The PlumbLine

NOTE: Last month’s column was about my weight problem. I’m happy to report that I lost seven and a half pounds in 30 days by cutting out most fats except for olive oil and getting three good workouts at the gym each week. I’ve also been bicycling around the island with Chef Espy from the Hunter House. That’s quite a workout in itself. I have 41 more pounds to go before I hit my target. I’ll keep you posted.


Several weeks ago on Tuesday I’d been to Savannah on business when I stopped for lunch at Jalapenos on Whitmarsh Island. The first course is always chips and salsa and it’s always excellent. But after the first chip a vile, bitter-metallic taste came to both sides of the back of my tongue. The sweet tea washed most of the bad taste away but the second chip brought it right back. I thought the cook must have been having a bad day or maybe the grease they fried the chips in had gone rancid. Then came the entrée which was the chicken and mushrooms in cream sauce that I love. Again, when the chicken hit the back of my mouth, that bitter taste came on so strongly that it overpowered the chicken and I couldn’t finish my meal. Then I knew the cook was not the one with the problem. I’d recently been sick with a head cold that ended up in my chest and took a month to get rid of. Maybe it had something to do with that I thought. Or maybe I was coming down with something else.

I came home and told wife Veronica what had happened then I didn’t think much more about it until supper time when I was reminded again. I was hungry because I didn’t eat my lunch and I was looking forward to the spaghetti with shrimp and marinara I’d made the day before. As soon as I started eating the bad taste was again on the back of my tongue as bitter as bile. Now really concerned I went to my computer and Googled “bitter taste in my mouth.” My research returned several possible causes i.e. acute mercury inhalation, necrotizing ulcerative gingivitis, anchovy poisoning, chemical poisoning, and oral cancer just to name a few. I didn’t think I suffered from any of those conditions so I was still at a loss. Maybe I’d finally succeeded in destroying my liver I thought. Perplexed I went back into the living room where Veronica was talking on the phone with daughter Christy. To Veronica’s surprise Christy had been experiencing the same trouble which for her started that morning at breakfast. Too curious I thought.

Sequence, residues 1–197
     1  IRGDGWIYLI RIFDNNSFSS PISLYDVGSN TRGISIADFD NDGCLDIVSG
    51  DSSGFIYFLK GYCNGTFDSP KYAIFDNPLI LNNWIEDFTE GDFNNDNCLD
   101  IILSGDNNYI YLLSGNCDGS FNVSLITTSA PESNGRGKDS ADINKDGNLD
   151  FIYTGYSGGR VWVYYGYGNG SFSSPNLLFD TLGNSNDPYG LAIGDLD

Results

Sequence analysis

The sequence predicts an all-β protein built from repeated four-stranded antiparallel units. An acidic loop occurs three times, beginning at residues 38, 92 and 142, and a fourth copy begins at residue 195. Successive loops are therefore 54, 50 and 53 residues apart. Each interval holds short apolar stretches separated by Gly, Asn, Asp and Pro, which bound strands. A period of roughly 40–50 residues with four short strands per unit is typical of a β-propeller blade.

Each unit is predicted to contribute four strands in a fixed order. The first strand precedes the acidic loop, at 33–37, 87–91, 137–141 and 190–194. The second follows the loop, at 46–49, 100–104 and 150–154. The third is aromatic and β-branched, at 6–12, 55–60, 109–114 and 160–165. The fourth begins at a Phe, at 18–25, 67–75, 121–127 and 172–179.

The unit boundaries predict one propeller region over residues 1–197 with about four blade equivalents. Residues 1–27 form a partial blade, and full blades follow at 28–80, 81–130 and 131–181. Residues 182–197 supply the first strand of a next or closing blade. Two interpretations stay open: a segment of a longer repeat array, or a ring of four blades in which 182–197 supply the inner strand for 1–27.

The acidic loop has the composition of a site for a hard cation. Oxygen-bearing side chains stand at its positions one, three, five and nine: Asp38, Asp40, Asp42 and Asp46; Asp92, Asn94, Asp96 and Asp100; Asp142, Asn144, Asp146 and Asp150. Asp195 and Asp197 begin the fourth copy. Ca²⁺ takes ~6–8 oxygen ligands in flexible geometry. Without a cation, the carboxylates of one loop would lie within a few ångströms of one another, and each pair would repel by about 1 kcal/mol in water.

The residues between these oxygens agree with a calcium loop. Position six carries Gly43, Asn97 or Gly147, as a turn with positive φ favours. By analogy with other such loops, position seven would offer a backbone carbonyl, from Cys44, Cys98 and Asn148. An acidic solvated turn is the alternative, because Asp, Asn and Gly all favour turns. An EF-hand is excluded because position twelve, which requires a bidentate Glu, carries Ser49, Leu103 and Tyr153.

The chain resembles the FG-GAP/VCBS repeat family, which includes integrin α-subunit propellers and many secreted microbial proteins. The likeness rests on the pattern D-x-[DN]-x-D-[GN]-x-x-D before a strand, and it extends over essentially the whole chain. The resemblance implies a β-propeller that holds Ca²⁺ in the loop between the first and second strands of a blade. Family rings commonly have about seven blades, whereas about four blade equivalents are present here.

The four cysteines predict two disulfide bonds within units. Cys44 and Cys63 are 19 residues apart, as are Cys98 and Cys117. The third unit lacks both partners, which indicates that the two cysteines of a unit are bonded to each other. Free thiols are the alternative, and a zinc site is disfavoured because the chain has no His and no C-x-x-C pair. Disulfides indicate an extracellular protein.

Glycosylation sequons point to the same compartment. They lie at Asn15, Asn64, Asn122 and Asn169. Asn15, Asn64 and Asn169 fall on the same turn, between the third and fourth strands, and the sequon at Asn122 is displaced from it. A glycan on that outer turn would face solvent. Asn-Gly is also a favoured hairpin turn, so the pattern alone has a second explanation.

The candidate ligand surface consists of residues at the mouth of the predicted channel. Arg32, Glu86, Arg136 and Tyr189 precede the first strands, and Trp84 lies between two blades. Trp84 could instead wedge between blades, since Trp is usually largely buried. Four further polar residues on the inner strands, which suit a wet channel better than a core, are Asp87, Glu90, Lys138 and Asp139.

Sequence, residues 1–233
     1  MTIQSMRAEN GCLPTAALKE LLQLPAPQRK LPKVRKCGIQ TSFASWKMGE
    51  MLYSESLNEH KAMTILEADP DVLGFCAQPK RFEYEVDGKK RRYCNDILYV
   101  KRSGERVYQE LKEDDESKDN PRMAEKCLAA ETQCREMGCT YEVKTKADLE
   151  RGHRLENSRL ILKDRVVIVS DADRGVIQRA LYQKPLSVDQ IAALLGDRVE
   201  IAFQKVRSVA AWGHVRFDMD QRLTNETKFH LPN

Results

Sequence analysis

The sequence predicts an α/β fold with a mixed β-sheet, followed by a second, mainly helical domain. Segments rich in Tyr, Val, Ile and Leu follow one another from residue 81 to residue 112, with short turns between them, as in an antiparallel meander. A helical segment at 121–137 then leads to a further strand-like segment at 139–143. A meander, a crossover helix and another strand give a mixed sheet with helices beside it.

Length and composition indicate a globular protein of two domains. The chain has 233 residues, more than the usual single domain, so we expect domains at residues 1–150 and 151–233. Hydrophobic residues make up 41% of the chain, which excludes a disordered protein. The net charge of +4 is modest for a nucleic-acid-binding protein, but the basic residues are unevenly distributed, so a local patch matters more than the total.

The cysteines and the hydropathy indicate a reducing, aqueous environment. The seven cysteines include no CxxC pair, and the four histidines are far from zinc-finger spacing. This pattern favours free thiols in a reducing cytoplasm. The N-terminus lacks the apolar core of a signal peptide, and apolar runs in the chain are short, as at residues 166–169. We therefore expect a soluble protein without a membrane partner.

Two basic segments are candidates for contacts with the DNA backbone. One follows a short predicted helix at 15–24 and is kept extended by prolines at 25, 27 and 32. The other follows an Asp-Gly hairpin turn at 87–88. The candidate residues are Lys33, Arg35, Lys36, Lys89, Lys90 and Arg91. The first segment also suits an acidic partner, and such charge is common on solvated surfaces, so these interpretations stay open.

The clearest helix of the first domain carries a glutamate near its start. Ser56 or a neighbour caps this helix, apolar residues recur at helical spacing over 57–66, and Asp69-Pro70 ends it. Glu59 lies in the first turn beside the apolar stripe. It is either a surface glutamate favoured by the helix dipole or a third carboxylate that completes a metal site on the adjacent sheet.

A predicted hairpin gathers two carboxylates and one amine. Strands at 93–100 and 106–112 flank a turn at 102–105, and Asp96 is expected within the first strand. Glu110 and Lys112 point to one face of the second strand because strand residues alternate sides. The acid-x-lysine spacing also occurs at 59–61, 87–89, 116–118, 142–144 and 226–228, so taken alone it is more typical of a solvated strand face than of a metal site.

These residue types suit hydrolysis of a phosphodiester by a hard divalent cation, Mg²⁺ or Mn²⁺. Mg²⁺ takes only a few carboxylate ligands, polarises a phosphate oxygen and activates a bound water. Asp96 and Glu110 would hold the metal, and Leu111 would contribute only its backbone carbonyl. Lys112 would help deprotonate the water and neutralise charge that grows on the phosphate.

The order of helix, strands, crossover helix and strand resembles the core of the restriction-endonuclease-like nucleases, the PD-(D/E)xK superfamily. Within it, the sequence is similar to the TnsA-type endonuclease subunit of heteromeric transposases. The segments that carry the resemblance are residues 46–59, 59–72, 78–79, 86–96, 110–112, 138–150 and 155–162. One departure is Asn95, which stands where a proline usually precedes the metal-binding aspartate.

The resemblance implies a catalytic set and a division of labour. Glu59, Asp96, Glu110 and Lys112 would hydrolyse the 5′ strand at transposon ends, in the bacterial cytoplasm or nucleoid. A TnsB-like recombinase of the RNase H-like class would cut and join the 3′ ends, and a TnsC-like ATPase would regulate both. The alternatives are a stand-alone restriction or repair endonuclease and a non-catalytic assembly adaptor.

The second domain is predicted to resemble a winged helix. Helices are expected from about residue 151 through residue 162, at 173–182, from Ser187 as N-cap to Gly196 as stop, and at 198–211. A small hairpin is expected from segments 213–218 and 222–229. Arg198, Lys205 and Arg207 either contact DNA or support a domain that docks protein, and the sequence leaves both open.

Being a part time amateur physician Veronica went to her computer and diagnosed us both with having post nasal drip. “Yea, sure,” I said to her. “Just like the time you diagnosed me with having gout.” She’d been wrong before. But she did discover something that sounded somewhat plausible even though it was far fetched. Lots of people, it seemed, were experiencing the problem a couple of days after eating pine nuts from China. Christy had Sunday dinner with us two days before—and we ate pine nuts with a broccoli dish. Misery loves company and I was relieved to learn I was not alone. But I remained skeptical about the pine nuts. Veronica, however, was convinced when she stumbled onto and learned just how wide spread the malady had become. PNS (pine nut syndrome) she discovered was being experienced by thousands of folks all over the world. For the next seven days I suffered with it. Then on the eighth morning it was gone. I’d spent more than a miserable week with every bite of food tasting like a green persimmon. At last I could enjoy my food again, for a little while anyway.

Pine nuts, also known as pignoli, are edible seeds from the cones of certain pine trees. They are ivory colored with a sweet buttery flavor and best known for their use in pesto. Since Mediterranean cuisine has become more prevalent here in the states pine nuts are being consumed more and more. We’ve been using them for years and never had a problem. And being ever skeptical about Veronica’s medical skills I was still not convinced my trouble was caused by pine nuts. So, fool that I am, I bought another brand of pine nuts and popped a couple of hands full into my mouth. Sure enough, two days later, it was back with a vengeance. This time it lasted nine days before it finally dissipated. And that time will be the last time.

Veronica, as she is wont to do, went on a crusade to get the word out about PNS. She contacted the FDA several times and now we are told they are conducting a Class I investigation. From now own if a recipe calls for pine nuts we’ll be using almonds instead. They’re a lot cheaper too. But if you’re a skeptic with an adventurous spirit, and money is not an issue, you can buy a pound of pine nuts at Fresh Market for $26.99 plus tax.


Billy Doniel is a published author and a gourmet cook. He and wife Veronica live on Tybee year round. You may contact Billy at

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